Dates: February 13-14, 1989
Number of Entries/Dogs: 2,658/2,628
Best in Show Winner: Doberman Pinscher Ch. Royal Tudor’s Wild As The Wind, CD, ‘Indy’
Group 1sts: Pointer Ch. Luftnase Albelarm Bee’s Knee’s (Sporting Group); Norwegian Elkhound Ch. Vin-Melca’s Calista, handled by Patricia V. Craige (Hound Group); Soft Coated Wheaten Terrier Ch. Andover Song ‘N Dance Man (Terrier Group); Pug Ch. Rowell’s Solo Moon Rising (Toy Group); Standard Poodle Ch. Ted-El Halo Jet Setter (Non-Sporting); and Puli Ch. Wallbanger Kermit J. Bounce (Herding Group).
Handler: Andy Linton
Owners: Arthur and Susan Korp, Beth Wilhite, and Richard and Carolyn Vida
Best in Show Judge: Muriel Freeman
In 1989, 16 out of the 40 judges at Westminster were women, and the BIS-winning Doberman Pinscher ‘Indy’ went through three women judges before earning her Westminster Best in Show honor. She went Best of Breed under Bonnie Linnell Clarke, Working Group First under Charlotte Clem McGowan (she also won the Group in 1988 under Betty Moore) and finally Best in Show under Muriel Freeman (Westminster’s ninth female Best in Show judge). Mrs. Freeman said that the Doberman was “very elegant, very correct and very balanced. She was all the things she’s supposed to be.” When 4-year-old ‘Indy’ arrived in New York the week before the show, she was treated for bloat – luckily her stomach did not turn over, and she recovered in time to be shown. She was also the top dog in the United States in 1988.
Sixty percent of the dogs entered in 1989 were champions and the rest had to have at least one championship point in order to enter. Of the 141 breeds in competition, not one non-champion made it to Best of Breed.
This year Patricia Craige (later Patricia Craige Trotter) showed a Best of Breed for the 14th time at Westminster and won the Hound Group seven times.
Other Historical Events of 1989
- The first commercial dial-up Internet connection in North America is made.
- The Exxon Valdez spills 240,000 barrels of oil in Alaska’s Prince William Sound.
- Student-led protesters in China occupy Tiananmen Square for seven weeks before the military violently ends the protests on June 4.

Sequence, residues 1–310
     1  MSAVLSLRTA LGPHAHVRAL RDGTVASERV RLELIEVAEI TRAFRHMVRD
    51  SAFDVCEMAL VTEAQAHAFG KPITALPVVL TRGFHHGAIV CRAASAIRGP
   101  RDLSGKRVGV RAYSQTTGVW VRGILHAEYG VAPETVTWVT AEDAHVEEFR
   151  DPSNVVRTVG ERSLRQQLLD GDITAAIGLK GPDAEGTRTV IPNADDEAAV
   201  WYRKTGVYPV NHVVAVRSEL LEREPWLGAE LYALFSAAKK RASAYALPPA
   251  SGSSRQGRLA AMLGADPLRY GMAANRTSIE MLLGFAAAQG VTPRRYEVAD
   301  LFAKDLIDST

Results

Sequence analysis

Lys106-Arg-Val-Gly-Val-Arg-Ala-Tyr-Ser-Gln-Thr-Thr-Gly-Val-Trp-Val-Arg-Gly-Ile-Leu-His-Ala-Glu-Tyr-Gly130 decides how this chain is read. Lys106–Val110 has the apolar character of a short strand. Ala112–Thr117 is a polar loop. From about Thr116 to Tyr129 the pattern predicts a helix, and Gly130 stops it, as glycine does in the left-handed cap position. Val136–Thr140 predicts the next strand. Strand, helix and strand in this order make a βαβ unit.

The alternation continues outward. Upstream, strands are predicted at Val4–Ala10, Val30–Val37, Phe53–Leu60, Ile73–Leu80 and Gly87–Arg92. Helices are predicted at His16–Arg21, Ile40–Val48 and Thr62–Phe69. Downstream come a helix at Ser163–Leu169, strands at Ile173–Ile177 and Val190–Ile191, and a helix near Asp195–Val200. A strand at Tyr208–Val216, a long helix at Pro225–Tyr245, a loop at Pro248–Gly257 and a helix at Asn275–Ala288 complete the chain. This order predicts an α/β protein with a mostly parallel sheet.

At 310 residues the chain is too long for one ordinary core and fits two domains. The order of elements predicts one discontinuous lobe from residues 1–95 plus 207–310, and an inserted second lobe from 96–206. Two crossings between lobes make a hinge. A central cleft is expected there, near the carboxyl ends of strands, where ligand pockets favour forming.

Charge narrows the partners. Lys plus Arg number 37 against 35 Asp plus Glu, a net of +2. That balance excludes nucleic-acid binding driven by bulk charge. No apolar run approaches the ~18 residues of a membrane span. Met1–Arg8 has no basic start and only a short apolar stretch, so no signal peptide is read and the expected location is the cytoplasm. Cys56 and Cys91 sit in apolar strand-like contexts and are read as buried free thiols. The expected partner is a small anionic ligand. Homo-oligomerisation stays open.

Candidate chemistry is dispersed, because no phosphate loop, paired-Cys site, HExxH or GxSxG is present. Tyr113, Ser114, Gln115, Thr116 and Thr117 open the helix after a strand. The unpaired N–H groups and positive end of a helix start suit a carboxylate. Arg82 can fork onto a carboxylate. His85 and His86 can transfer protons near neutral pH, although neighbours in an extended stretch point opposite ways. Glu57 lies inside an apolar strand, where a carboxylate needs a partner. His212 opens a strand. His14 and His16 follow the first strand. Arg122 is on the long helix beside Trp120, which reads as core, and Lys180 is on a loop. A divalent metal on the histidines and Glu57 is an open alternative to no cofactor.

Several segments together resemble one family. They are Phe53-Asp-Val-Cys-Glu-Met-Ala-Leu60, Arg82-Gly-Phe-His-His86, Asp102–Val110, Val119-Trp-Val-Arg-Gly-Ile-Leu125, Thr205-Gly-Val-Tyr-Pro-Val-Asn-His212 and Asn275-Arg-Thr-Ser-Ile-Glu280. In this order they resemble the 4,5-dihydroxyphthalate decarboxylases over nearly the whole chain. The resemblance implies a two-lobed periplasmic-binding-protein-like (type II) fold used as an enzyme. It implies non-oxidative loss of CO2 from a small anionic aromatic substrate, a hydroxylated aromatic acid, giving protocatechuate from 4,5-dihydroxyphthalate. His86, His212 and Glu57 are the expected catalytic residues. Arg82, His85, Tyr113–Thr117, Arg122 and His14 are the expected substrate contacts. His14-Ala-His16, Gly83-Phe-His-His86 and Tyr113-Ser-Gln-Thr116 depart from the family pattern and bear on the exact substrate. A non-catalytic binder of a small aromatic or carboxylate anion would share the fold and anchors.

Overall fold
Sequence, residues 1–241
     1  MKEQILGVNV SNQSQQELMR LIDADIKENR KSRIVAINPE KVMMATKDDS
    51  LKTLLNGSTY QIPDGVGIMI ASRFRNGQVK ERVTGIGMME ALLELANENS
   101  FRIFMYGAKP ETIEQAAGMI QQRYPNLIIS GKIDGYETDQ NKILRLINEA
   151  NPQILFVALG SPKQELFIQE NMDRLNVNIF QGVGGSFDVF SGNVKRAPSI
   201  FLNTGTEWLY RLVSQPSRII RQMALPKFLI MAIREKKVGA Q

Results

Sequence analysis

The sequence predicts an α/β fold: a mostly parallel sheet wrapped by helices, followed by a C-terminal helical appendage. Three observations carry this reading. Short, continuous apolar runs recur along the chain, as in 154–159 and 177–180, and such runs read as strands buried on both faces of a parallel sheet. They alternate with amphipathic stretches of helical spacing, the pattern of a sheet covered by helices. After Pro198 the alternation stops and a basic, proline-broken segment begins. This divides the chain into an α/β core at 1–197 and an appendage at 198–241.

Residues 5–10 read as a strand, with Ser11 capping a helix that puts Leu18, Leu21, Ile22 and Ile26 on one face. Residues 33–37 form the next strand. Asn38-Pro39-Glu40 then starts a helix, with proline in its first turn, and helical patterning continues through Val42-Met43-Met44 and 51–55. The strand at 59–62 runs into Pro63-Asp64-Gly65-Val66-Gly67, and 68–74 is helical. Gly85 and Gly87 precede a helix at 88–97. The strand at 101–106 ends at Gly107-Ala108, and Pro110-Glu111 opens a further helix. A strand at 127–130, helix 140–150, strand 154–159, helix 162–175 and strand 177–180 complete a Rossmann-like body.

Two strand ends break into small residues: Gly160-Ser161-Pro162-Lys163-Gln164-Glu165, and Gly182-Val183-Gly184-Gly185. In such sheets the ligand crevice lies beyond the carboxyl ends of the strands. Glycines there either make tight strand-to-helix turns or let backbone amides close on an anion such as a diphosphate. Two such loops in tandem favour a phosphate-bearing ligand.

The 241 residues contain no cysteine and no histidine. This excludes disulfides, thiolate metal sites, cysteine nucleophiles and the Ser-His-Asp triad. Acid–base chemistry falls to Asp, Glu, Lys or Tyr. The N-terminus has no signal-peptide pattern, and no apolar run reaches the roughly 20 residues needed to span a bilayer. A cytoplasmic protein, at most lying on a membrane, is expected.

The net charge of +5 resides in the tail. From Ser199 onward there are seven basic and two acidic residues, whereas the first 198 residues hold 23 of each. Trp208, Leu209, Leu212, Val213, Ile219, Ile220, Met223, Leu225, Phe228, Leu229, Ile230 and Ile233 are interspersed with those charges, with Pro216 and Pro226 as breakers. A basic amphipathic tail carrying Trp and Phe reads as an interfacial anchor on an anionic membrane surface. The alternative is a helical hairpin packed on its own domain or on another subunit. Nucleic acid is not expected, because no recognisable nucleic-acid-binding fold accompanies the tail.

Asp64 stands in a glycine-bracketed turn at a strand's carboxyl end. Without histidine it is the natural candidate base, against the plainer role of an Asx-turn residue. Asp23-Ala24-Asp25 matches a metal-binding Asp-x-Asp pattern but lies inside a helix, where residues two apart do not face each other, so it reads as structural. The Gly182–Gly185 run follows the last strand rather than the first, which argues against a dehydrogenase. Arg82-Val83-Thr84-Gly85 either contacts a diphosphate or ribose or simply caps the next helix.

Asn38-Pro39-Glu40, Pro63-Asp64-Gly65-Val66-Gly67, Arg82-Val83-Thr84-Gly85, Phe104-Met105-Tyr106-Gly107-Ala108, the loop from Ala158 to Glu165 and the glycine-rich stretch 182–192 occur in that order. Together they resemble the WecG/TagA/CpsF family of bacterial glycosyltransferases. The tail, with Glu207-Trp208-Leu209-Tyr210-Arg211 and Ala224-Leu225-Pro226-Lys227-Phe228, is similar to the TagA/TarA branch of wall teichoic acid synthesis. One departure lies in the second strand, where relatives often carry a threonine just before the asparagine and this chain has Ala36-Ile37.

- The portable handheld Game Boy system from Nintendo and the Sega Genesis are first sold.
- The world’s first legislation allowing same-sex civil unions is enacted in Denmark.
- A 7.1 earthquake near San Francisco kills 67 and delays the World Series for 10 days.
- Both George H. W. Bush and Mikhail Gorbachev state that the Cold War is coming to an end.
- The Berlin Wall officially “falls” on November 9, 1989, although it is not completely dismantled for many months.
- The first full-length episode of The Simpsons airs on FOX.
A General History of Westminster
A group of sporting dog enthusiasts living in New York City in the 1870s would gather in a bar of the Westminster Hotel to discuss dogs. They decided to form a group named after the hotel called The Westminster Breeding Association. Soon after they changed their name to the Westminster Kennel Club and held a dog show in New York in 1877 in the Hippodrome at Gilmore’s Garden in New York City (they also helped put on a show in Phildadelphia the year before). This show has continued for more than 130 years, held every February in New York City, making it the second oldest continuous sporting event in the United States (the Kentucky Derby is the oldest), and it is the oldest dog show in the United States. The coveted title of Westminster’s Best in Show was first awarded in 1907, and it was first broadcast on television in 1948. Westminster is also one of the last benched shows in the United States.